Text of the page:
I am thankful for the support I had
and one day helped me realize that
I could again, find joy in life.
Julie was 34 years old when she said goodbye to her love, Jon, as he left for work. Early the next morning, Valentine’s Day 2010, she received the dreaded news that on his way home he was involved in a fatal car accident. They had a 3 year old son, Jayce, and Julie was 3 months pregnant at the time with their second child. Six months after Jon’s death, Julie was a single mother to two little boys.
She worked as an elementary school teacher full time in the city of Boston. Through the support of her parents, she maintained her full time job and the care of her children. With determination Julie was able to continue paying her mortgage and bills, as well as childcare for two children. She received a grief counselor immediately for herself and her young son. This helped Julie on the path to learning about healing and grief for her son, as well, as herself. Yoga, was a practice Julie and Jon did together weekly, and Julie continues this healing practice.
Julie’s search for support brought her to a widow’s group. As she told her story to a room of women significantly older than she was, Julie realized she was different. Two older women in the group actually told Julie that her story was “the worst” of the group.
Realizing that she was not necessarily the “widow” that society pictures of an elderly woman with 50 years of memories to provide comfort, Julie knew that there was a need for a group to provide support to “young widows”. Julie started that group called “Young Widows Connection”. Six and a half years later “young” varies among members, from 22 to 60s, but the majority of the group lost their partner long before what many would consider “a long full life”. Just as age isn’t exact, we also have a few men who have lost their wives in the group.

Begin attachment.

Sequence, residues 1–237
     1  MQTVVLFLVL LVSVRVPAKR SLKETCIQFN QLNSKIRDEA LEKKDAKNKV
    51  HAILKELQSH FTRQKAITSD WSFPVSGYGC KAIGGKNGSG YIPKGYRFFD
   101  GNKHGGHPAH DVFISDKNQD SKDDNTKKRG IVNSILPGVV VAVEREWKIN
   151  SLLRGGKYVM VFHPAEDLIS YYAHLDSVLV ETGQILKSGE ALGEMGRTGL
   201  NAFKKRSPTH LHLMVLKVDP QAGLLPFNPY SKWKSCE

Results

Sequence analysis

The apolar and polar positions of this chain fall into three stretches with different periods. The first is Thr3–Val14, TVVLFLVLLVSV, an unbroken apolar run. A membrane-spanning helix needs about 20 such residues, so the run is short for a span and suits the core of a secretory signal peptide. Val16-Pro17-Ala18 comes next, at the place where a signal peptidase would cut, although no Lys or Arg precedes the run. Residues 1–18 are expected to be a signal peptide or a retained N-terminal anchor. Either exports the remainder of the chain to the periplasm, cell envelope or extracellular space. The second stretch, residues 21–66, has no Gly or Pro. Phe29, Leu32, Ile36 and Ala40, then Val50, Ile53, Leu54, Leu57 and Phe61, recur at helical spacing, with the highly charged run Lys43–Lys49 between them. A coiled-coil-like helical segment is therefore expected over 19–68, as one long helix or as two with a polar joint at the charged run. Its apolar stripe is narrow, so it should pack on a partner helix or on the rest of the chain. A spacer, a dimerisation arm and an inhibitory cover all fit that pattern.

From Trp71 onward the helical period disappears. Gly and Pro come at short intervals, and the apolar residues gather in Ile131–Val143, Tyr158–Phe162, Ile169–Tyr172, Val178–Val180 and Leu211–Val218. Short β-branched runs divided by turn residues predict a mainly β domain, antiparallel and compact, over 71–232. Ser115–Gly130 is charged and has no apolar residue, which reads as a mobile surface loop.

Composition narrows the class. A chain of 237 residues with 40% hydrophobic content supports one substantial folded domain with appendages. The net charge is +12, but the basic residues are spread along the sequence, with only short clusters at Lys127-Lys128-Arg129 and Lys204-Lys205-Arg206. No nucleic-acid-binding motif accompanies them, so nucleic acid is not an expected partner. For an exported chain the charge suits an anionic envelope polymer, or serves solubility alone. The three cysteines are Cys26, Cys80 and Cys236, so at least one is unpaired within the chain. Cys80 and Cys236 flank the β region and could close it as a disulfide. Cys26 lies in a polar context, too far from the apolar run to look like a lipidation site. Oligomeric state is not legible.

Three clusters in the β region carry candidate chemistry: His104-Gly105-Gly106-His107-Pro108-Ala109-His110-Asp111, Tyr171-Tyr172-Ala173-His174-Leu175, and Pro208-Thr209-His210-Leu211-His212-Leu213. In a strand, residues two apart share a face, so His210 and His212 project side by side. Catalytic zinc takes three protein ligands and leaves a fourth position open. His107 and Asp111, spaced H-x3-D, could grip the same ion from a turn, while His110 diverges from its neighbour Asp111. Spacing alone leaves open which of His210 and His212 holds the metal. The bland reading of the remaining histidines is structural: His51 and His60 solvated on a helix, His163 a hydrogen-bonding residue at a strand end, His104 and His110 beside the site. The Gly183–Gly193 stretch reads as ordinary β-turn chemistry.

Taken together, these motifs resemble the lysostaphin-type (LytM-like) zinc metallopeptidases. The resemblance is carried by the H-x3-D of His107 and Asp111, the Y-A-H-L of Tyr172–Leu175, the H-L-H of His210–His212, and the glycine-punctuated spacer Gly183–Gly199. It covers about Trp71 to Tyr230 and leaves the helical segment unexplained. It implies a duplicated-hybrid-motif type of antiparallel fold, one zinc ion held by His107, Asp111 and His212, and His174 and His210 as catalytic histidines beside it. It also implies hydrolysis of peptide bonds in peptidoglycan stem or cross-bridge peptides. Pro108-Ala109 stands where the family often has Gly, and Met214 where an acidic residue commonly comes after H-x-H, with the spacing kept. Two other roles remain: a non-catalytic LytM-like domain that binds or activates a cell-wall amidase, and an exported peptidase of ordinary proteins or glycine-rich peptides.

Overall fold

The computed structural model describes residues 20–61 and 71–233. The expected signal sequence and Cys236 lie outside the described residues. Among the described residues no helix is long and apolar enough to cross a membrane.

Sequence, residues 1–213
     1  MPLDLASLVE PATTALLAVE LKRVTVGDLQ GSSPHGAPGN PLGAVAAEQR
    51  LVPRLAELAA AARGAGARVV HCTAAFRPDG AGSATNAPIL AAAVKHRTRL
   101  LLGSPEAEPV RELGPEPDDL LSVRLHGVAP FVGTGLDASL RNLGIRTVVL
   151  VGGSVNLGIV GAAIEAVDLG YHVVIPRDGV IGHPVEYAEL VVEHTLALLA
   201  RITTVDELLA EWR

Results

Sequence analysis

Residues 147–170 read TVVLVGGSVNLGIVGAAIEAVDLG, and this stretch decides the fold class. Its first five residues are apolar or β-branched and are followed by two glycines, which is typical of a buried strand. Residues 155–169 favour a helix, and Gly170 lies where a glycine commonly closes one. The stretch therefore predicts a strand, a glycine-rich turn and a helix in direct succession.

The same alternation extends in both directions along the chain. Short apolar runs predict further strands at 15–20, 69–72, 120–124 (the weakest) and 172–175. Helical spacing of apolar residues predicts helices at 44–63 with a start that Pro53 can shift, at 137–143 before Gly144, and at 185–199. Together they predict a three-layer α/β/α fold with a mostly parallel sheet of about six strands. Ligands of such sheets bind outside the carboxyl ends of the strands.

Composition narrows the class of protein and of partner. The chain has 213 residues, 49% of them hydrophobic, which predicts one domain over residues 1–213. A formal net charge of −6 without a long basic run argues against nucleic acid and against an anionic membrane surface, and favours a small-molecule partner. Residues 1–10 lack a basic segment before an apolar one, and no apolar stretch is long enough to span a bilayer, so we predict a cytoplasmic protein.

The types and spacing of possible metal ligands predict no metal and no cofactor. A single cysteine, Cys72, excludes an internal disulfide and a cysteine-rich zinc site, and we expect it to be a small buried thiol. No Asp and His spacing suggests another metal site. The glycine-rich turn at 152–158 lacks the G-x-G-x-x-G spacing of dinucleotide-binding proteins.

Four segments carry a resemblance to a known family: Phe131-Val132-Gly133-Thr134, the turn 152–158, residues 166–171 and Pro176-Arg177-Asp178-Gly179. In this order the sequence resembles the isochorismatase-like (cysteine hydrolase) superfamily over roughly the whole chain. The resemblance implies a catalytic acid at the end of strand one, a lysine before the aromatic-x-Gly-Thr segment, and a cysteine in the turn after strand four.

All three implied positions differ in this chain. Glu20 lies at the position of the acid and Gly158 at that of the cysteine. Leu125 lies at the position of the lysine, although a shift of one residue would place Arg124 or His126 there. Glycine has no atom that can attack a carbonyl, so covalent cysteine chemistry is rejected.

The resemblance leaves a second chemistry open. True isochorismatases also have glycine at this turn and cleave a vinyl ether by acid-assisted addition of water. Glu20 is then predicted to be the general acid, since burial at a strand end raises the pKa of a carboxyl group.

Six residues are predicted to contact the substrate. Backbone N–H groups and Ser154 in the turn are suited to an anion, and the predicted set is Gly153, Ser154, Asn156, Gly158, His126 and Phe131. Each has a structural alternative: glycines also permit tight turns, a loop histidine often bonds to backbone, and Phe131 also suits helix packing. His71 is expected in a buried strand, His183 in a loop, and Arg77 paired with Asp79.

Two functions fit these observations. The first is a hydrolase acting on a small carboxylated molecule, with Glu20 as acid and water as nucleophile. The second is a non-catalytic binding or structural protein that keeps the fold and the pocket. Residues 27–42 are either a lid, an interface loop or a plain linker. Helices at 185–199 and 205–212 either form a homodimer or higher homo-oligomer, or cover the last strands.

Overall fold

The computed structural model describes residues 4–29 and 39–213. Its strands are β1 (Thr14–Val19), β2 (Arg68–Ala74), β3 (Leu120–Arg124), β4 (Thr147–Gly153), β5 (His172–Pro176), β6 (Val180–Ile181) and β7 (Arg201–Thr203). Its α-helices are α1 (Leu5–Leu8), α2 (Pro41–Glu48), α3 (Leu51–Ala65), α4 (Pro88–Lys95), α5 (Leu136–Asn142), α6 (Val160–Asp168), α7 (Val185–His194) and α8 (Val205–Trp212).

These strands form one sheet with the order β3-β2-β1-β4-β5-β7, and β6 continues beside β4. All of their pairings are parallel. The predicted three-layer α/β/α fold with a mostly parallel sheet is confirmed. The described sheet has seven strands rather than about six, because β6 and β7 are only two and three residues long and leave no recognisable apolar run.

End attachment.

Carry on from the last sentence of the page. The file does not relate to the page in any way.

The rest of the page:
Julie is a force to be reckoned with when she is organizing anything that will help someone in pain. Her huge heart and even bigger smile is constantly working to bring people together and make connections.
In 2012 Julie decided that new widows deserved some special attention and began putting together care packages or “Gifts of Love” one Valentine’s Day. This extended to providing gifts and support to widows and their families at Christmas. As We Do Care grew, Julie knew it needed more of her attention and went from teaching full time to part time to focus time on We Do Care.
Julie started social meet ups for widows with the mission that everyone needs a buddy. Her philosophy being that if everyone could find just one friend, one person they connect with, as a support and a crutch to lean on when times get hard, the path through grief would be more manageable. The organization began to grow. The tradition of the Christmas party began.
Non-Profit Status was officially granted just as We Do Care was picking up more and more members and the first face to face Support Group was formed, meeting in a donated Church Hall. The Support Group grew, and rather than requiring the members to obtain babysitting, Julie brought in local artists and yoga instructors to do projects with the kids while the parent’s find that much needed time to address their grief.
Julie is a force to be reckoned with when she is organizing anything that will help someone in pain. Her huge heart and even bigger smile is constantly working to bring people together and make connections. What started out as a hope that members would find “one buddy” has turned into members finding many buddies who quickly turn to true friends, herself included.